Until now, Canon 838 (§1) stated that “The direction of the sacred liturgy depends solely on the authority of the Church, namely, that of the Apostolic See.” Paragraph §2 said: “It is for the Apostolic See to order the liturgy of the universal Church,” but now the Apostolic See has the task of “recognizing adaptations approved under the law of the Episcopal Conference.” (§2) In other words, the power of the Curia is reduced from authorizing to approving texts that are generated by episcopal conferences.

By David Martin - Monday, September 11, 2017 - Full Story

Seven years in transit(ion)

Today is the seventh anniversary of surrendering to an unanticipated call on my life – that of selling off most everything, packing what was left into the back of the truck and leaving what had become my home… for?

That was the question. I really didn’t know to what or where I was beckoned but I was certain that it was necessary to be obedient to God’s prompting. For anyone who thinks it’s a relatively simple operation to pull up roots and drop your life in the Lord’s hands, turning you at will, His will, to travel where you’ve been invited to minister, the short answer is: it isn’t.

By A. Dru Kristenev - Sunday, September 10, 2017 - Full Story

The Dunleithians

The word “boondocks” describes most Mississippi Delta locations, especially Dunleith, where I grew up. Its remoteness provided an ideal environment for a secret society known as the Dunleithians.

To attain membership in this exclusively male warrior cult, boys must complete several grueling requirements. First, they had to read The Adventures Of Huckleberry Finn and pass an oral examination administered by the club’s elders, all fifteen to eighteen years of age.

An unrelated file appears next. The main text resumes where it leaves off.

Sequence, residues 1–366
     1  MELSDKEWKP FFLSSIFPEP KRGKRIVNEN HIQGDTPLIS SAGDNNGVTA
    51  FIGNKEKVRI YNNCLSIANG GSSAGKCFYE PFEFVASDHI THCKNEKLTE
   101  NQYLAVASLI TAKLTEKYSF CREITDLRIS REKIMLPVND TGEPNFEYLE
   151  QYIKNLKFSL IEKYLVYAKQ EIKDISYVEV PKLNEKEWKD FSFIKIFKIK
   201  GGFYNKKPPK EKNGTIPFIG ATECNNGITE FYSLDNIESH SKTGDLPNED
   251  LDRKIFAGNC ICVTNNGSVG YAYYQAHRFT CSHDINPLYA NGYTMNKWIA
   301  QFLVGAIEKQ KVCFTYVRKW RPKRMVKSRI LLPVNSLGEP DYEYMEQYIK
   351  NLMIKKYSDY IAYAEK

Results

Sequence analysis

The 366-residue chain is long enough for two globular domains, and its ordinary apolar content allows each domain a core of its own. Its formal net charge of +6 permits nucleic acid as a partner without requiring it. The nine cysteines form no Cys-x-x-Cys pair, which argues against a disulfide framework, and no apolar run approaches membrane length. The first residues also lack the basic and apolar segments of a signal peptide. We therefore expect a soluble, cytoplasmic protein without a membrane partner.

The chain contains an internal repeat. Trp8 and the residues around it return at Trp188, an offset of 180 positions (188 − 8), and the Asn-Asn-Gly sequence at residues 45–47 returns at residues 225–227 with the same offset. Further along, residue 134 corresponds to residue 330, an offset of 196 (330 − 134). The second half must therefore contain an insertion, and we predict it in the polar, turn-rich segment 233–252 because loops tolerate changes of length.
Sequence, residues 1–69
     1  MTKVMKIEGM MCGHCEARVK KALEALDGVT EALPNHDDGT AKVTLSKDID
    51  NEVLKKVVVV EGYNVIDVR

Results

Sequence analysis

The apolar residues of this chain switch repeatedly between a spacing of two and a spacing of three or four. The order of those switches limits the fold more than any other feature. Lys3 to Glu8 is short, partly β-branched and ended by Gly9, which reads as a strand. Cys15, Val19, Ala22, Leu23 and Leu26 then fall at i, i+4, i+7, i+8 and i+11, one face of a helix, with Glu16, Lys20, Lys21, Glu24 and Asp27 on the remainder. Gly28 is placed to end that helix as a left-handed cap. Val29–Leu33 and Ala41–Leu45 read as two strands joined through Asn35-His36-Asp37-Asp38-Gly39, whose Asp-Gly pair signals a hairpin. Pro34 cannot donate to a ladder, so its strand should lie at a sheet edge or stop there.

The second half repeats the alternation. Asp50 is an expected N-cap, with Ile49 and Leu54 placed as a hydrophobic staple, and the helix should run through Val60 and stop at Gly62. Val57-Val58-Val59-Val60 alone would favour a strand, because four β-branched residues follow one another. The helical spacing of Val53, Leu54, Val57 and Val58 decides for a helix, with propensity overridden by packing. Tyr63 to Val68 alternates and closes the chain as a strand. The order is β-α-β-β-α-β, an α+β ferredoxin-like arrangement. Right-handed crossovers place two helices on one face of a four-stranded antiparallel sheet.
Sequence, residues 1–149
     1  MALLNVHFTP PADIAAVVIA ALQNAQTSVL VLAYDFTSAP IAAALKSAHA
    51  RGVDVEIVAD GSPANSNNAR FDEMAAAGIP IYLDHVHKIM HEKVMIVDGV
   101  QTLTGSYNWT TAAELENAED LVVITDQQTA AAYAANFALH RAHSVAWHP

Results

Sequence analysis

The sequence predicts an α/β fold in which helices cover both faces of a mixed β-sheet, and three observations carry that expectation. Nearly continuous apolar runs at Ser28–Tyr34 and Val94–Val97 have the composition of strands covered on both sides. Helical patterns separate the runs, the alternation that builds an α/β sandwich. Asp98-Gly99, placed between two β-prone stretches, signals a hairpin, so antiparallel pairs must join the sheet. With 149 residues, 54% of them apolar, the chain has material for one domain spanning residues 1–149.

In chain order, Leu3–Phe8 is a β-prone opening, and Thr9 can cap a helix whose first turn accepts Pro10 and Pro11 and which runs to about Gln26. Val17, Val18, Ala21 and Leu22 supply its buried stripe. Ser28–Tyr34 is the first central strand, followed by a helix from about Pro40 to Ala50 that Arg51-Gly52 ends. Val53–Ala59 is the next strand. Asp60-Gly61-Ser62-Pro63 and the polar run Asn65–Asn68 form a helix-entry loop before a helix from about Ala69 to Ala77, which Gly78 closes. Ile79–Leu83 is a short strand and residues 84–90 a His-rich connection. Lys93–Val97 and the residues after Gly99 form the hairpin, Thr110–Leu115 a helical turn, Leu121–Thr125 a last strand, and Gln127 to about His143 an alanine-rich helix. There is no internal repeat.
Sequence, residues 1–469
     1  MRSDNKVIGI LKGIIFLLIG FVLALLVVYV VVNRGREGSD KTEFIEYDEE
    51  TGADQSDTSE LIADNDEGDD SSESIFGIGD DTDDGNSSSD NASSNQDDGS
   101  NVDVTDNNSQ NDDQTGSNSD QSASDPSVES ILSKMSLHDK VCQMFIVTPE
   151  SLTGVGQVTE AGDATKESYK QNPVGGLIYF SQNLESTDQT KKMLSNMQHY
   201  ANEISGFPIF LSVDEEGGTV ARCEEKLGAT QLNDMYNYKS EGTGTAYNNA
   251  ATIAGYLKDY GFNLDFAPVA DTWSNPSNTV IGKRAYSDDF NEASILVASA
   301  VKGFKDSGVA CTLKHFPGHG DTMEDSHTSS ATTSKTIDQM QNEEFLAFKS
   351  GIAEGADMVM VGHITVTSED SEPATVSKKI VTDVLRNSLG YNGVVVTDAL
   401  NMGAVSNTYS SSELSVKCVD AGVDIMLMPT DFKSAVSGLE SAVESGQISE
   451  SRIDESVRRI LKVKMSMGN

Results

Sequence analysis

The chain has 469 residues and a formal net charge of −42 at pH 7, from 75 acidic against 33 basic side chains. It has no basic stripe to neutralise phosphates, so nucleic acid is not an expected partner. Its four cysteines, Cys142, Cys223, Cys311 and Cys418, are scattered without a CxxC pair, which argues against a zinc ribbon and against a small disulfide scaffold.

By Jimmy Reed - Thursday, September 7, 2017 - Full Story

Fear, chaos and the kindness of strangers in the eye of Hurricane Harvey

First published on ConservativeWoman:
We’d booked a trip to see the solar eclipse in Nashville. My husband worked there many years ago and wanted to show me around. We thought it was a good idea to follow this with a short break in Galveston, Texas.

After two lovely days there I woke in the early hours of Friday, August 25. Staring out of our hotel window, I saw Hurricane Harvey bending palm trees and churning the sea right past the shoreline. We had decided the night before to pay heed to the voluntary evacuation notices and risk driving to Houston International Airport before the storm got any worse. I naively thought we would be able to catch our flight out the next afternoon. The next 48 hours were a lesson in patience and compassion.

By Karen Harradine - Tuesday, September 5, 2017 - Full Story

Peggy Pokechop

My boyhood best friend and mentor Jaybird always kept a housecat or two, especially master mousers, and was never without a pack of hunting hounds, but above all he preferred the company of an animal that is ranked just below humans in intelligence: the pig.

Over the years Jaybird befriended a slew of swine, including such notables as Hortense Hamhocks, Clarabelle Chitlins, Teresa Tenderloin, and Ophelia Oink, but the pig he loved above all others was Peggy Pokechop.

By Jimmy Reed - Wednesday, August 30, 2017 - Full Story